“What’s in a name?” asks Juliet in Act II, Scene II of Romeo and Juliet. As it happens, quite a bit so Hermeisha Robinson would argue after she received a rejection letter from a potential employer stating “Thank you for your interest. Unfortunately, we do not consider candidates that have suggestive 'ghetto' names. We wish the best in your career search."
The company that issued the letter, Mantality Health, in Missouri, later confirmed that a “disgruntled employee hacked their email system and sent the reply”.
There are two angles I could take in this blog, first, cyber security, or secondly, ‘ghetto’ names. I’m a specialist in neither, but marginally more intrigued by the latter.
Do employers and recruiters deploy unconscious (or indeed conscious) bias when looking at names on CVs? Almost certainly, yes. Should that happen? No, of course it shouldn’t – as Juliet went on to say, “That which we call a rose by any other word would smell as sweet”.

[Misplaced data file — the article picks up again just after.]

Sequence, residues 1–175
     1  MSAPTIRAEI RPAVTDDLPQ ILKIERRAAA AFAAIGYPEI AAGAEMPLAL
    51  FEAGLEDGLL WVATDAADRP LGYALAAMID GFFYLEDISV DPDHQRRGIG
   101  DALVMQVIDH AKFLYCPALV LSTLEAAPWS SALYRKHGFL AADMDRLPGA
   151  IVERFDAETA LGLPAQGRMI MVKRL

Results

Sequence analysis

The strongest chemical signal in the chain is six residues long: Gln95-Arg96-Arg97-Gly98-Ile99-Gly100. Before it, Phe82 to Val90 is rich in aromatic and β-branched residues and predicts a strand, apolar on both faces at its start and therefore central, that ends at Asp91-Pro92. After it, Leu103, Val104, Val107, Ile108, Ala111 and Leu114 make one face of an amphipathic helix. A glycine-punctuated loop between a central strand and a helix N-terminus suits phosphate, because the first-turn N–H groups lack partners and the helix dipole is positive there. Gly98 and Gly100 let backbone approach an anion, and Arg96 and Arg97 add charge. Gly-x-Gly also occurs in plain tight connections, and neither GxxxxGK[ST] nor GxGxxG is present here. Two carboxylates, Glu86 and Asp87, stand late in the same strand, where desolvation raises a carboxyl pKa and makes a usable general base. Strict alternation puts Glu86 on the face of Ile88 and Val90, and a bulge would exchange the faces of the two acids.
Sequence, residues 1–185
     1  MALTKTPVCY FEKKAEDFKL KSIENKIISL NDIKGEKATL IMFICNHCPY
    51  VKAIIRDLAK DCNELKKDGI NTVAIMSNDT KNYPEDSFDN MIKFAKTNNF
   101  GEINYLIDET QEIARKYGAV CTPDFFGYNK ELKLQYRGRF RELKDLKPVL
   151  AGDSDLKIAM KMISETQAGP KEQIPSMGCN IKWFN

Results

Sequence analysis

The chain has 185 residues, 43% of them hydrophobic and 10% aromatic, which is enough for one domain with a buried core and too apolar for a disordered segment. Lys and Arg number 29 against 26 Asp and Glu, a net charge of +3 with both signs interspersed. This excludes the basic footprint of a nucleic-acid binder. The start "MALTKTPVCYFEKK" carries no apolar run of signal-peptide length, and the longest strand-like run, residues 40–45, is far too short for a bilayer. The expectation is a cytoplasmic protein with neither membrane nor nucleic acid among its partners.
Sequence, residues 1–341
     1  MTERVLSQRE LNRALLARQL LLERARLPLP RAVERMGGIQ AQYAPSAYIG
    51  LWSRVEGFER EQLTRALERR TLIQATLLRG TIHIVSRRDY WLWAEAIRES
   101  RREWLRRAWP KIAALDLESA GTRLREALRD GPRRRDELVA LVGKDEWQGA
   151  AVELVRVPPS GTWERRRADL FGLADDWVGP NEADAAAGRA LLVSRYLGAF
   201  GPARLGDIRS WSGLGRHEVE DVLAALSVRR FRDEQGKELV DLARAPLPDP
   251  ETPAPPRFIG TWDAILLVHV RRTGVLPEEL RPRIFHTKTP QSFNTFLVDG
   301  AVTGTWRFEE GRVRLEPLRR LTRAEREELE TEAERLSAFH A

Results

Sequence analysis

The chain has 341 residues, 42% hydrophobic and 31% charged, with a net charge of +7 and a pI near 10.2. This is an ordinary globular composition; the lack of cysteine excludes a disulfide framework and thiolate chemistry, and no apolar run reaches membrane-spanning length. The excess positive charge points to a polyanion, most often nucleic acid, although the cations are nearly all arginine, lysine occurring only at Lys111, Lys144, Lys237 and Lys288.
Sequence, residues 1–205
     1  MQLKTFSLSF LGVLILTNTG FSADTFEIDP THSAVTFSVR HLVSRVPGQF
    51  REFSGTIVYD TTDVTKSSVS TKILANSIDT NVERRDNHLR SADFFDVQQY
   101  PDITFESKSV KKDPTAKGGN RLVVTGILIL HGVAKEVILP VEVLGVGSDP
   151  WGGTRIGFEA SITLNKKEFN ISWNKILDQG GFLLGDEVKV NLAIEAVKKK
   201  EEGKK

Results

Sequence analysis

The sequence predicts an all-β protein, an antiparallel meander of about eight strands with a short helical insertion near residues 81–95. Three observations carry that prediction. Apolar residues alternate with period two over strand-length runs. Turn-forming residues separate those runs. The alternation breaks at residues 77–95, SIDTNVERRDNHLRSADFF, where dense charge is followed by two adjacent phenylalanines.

Names will always incite bias – when naming children many options are quickly ruled out because they are synonymous with those who display unfavourable characteristics, we make judgements based on names before we meet people – often incorrectly – and those with more unusual names may be subject to more scrutiny than those with names considered to be more mainstream.
Recruiters can and do remove names from CVs – not just to eliminate any gender bias, but perhaps to eradicate any name bias too.
The irony is, as we get older and our memories become less reliable, the first thing we often struggle to recall is someone’s name. Yet we can remember their face, where and how we met and that they love rugby.
Names are arbitrary. It’s worth trying to bear that in mind when considering a CV.
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